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Cancer and the Value of Empathy by Dr. William Ramirez

Cancer and the Value of Empathy by Dr. William Ramirez

The doctor has been battling the disease for just over two years, claiming that he has found a balance between his profession and his personal life.

Dr. William Ramirez, an obstetrician-gynecologist, specializes in maternal-fetal medicine and multiple myeloma survivors. Image: Journal of Medicine and Public Health.

In September 2021, Dr. William RamirezA distinguished obstetrician-gynecologist specializing in maternal-fetal medicine, he received an unexpected diagnosis that would change the course of his life: Multiple myeloma.

“It's a unique moment in one's life, it's a state where your mind becomes confused, from the clinical side as a professional in a subspecialty, and you fall down and at that point, there's a lot of mix of feelings and thoughts and a lot of ideas come in,” Frank said.

The health professional experienced a significant change in his life and perspective when receiving a post-study diagnosis for back pain. During this period, he was thinking about his accomplishments, pending activities, people around him, and how the situation might affect them.

It's time to rethink your life

At this time, his professional practice was reaching its peak, with the services and accomplishments in the hospitals where he worked experiencing significant growth and development. On a personal level, his daughters were entering adulthood, and he was in a new phase of his marital life with his current wife.

He added: “All of these things came together in my thoughts and feelings and sparked a series of reactions within me, saying that what they basically did was reset me and start looking for solutions and alternatives.”

The challenges you had to face

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The specialist highlighted the most important challenges he faced as a health professional when he had to adapt to his lifestyle, especially because of the treatment he was going to receive: chemotherapy. Dealing with immune compromises and spinal injuries that could limit his mobility in the future is a major challenge. Adjusting all of these considerations in the short and long term has proven to be a complex task.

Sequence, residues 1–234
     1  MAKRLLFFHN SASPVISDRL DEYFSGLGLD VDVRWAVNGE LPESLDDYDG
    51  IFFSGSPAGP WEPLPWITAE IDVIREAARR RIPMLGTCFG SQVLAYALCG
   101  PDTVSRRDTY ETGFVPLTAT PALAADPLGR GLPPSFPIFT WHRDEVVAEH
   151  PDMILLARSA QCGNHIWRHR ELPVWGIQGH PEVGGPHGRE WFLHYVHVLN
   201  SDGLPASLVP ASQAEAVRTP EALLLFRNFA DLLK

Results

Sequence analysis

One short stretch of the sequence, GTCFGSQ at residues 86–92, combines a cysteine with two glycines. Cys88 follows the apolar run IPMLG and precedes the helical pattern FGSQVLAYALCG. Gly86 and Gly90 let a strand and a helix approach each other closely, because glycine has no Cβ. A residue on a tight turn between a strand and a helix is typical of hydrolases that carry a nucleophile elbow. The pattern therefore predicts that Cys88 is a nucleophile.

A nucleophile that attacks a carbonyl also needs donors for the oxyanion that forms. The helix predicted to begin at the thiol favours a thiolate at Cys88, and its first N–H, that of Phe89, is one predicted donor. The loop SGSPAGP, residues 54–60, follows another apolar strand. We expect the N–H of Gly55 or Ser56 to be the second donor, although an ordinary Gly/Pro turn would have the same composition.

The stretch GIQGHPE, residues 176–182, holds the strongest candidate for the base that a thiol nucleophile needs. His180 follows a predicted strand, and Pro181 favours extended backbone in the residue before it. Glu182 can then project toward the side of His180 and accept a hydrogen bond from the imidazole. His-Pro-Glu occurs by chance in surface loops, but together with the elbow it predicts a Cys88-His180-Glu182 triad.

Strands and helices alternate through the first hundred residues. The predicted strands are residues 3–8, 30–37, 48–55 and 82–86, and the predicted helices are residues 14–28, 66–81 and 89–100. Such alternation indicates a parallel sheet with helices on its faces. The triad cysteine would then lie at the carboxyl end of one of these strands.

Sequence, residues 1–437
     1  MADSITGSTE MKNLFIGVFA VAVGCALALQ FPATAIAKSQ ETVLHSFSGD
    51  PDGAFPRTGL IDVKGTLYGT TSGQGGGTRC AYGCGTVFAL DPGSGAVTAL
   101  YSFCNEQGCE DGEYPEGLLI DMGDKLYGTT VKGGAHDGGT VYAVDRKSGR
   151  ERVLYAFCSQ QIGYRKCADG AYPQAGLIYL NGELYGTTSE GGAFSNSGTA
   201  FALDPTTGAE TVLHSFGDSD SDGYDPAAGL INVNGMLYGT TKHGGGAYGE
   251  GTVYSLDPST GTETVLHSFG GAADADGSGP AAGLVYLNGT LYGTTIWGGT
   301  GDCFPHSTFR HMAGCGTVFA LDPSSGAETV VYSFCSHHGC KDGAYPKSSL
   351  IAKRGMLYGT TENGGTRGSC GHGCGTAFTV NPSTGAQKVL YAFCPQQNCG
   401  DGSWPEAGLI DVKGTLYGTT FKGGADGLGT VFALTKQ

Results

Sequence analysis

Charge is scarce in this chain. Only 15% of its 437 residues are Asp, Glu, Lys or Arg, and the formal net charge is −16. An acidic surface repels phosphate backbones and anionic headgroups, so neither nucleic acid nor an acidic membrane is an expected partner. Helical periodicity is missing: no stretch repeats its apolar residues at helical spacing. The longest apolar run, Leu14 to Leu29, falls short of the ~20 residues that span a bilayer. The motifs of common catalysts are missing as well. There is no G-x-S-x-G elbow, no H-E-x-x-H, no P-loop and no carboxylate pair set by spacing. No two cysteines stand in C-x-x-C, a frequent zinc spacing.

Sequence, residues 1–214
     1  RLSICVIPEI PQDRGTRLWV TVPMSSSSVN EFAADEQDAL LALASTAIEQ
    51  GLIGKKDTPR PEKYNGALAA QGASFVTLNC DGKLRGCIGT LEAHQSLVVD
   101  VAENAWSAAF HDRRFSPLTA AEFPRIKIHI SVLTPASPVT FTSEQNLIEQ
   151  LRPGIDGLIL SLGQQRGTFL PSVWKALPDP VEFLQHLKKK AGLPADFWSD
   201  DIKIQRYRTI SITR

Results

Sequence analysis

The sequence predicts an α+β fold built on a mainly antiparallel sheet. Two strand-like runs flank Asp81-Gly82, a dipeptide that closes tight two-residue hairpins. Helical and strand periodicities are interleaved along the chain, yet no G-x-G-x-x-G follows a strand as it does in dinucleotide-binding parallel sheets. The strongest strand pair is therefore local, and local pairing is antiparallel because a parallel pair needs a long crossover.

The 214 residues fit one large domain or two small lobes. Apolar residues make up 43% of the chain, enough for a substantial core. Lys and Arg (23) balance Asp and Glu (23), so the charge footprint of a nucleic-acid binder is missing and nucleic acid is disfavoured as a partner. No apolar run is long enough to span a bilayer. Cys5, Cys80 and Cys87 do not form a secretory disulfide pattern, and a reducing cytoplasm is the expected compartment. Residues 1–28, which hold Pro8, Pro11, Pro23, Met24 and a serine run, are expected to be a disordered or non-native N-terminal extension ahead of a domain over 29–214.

“For me, the advantage I had was that working in a hospital group we were all like a big family and I had the support of many colleagues who helped me treat my condition and helped me continue to care for my patients, as I belong to a group where we trained with three other gynecologists, Now there are ten of us, and our patient care has been slightly modified because of my condition.”

As a health professional, you tend to neglect your health

Dr. Ramirez noted that healthcare professionals sometimes tend to neglect their health, an observation that extends not only to cancer patients, but also to many colleagues in various fields. She highlighted the importance of balancing daily life, learning how to manage stress, and seeking professional support, whether through counseling, psychologists, or others who provide help.

“I am still in treatment, in chemotherapy, trying to finish the initial operation, thank God the bone marrow transplant was successful and the maintenance I am doing is for the next 6 to 8 months, knowing that the next studies and biopsies are negative how it has turned out so far. The day is stressful sometimes, when I'm with a lot of patients, when I have to take a trip, it's stressful, but physically, but I feel like I've reached a point of balance,” he said.

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Lessons learned

“The most important lesson is that when you're in health care and you see different things, different diagnoses, you try to empathize with patients, and you have the ability to put yourself in that patient's shoes, you can try to understand, but not even,” he concluded. The doctor becomes sick. “We cannot lose focus, we must reconsider what we have done.”